Do electronic cigarettes reduce respiratory and cardiovascular risk in smokers? 

Some of the fastest-growing methods of nicotine delivery are electronic products — e-cigarettes and devices such as IQOS, which heat tobacco without burning it. But because many of these devices are so new, little is known about the benefits — and the risks — of using them.

Maciej Goniewicz, PhD, PharmD, Department of Health Behavior, and his colleagues recently reviewed studies that estimated respiratory and cardiovascular outcomes among former smokers who switched to using e-cigarettes, compared with current smokers of traditional cigarettes.

Dr. Goniewicz notes that while e-cigarettes are widely promoted as products that reduce harm for smokers, and smokers commonly perceive them as less harmful than combustible cigarettes, the question remains: To what degree do e-cigarettes reduce harm for former smokers of traditional cigarettes who switch to the electronic version?

Handful of studies show consistent results

Just six studies met the criteria to be included in the review. Of these, three reported on respiratory outcomes — chronic obstructive pulmonary disease (COPD), chronic bronchitis, emphysema, asthma and wheezing — and three reported on cardiovascular outcomes — stroke, myocardial infarction and coronary heart disease.

Though the review included a small number of studies, it provided consistent results.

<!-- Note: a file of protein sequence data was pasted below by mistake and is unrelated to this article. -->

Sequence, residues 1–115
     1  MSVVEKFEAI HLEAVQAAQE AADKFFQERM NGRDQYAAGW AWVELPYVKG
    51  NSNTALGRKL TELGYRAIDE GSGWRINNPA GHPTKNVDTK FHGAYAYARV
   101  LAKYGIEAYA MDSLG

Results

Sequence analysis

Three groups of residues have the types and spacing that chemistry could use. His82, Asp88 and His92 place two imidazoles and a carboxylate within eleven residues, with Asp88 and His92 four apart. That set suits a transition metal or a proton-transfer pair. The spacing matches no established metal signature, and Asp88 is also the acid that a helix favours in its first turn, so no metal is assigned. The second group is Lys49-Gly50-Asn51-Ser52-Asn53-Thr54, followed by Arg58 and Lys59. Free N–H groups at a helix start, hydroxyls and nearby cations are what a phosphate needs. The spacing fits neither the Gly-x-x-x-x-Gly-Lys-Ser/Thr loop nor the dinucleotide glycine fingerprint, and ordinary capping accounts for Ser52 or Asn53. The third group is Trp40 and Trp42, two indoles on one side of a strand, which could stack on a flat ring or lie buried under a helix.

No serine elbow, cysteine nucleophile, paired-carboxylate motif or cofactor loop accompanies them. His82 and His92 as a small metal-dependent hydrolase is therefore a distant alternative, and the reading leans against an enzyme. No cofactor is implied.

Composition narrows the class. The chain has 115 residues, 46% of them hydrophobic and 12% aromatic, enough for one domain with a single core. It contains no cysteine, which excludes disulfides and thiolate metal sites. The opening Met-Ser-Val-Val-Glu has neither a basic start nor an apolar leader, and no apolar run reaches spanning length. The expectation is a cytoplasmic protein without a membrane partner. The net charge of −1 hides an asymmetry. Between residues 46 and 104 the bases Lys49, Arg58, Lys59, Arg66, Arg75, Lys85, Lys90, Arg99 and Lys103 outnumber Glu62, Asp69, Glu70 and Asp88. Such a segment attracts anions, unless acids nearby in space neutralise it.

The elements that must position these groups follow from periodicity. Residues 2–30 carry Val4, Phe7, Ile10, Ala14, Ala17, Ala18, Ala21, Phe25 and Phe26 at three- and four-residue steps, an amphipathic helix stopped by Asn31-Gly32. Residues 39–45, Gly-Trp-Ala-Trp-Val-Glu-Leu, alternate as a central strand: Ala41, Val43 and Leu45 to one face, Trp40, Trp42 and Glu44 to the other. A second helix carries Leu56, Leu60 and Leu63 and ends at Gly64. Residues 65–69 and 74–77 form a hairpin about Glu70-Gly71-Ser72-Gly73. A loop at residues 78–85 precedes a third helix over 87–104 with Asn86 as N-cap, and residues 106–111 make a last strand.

“Those who completely stopped smoking regular cigarettes and switched to e-cigarettes showed about a 40% reduction in respiratory risk,” Dr. Goniewicz says. “But we haven’t noticed a similar reduction in cardiovascular risks, and we don’t have any data right now on cancer risk, though we suspect the effect on cancer reduction could be significant.”

Further studies are needed to better evaluate e-cigarettes as harm-reduction tools for smokers, he notes, adding that future research also needs to designate how long it takes for e-cigarettes to reduce patients’ risk of respiratory and cardiovascular health problems.

“Unfortunately, we don’t know enough about this yet,” adds Dr. Goniewicz. “There were a limited number of studies, and most of those looked at only the short-term effects of switching from regular cigarettes to e-cigarettes. Most of the studies didn’t specify how long ‘short-term’ is. It could be one month, or it could be one or two years. There is no controlled study yet.”

Using e-cigarettes exclusively brings benefits

Until then, he and his team recommend e-cigarettes as less harmful than traditional cigarettes and most likely safer than heated tobacco devices such as IQOS, which still contain tobacco. IQOS is popular in Japan and Korea, but not as widely available in the United States.

“E-cigarettes contain a liquid solution of nicotine, but no tobacco,” he says. “Heated tobacco devices do contain tobacco. That’s a really important difference.”

He also advises patients to not use chewing tobacco, which contains nicotine and numerous toxicants that cause oral cancer.

“Preliminary data suggests e-cigarettes are less harmful than heated-tobacco products. We have data from clinical trials that show e-cigarettes may be effective in helping smokers quit smoking, and more effective than nicotine patches and nicotine gum.”

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However, he notes, many traditional smokers don’t fully transition to e-cigarettes.

“Unfortunately, the data show that most smokers experiment with e-cigarettes and try them while continuing to smoke combustible cigarettes,” he says. “We call them ‘dual users.’ In this group, we don’t see any of the benefits of e-cigarettes, and not enough to make changes in their respiratory and cardio systems. We see benefits only when people switch completely.”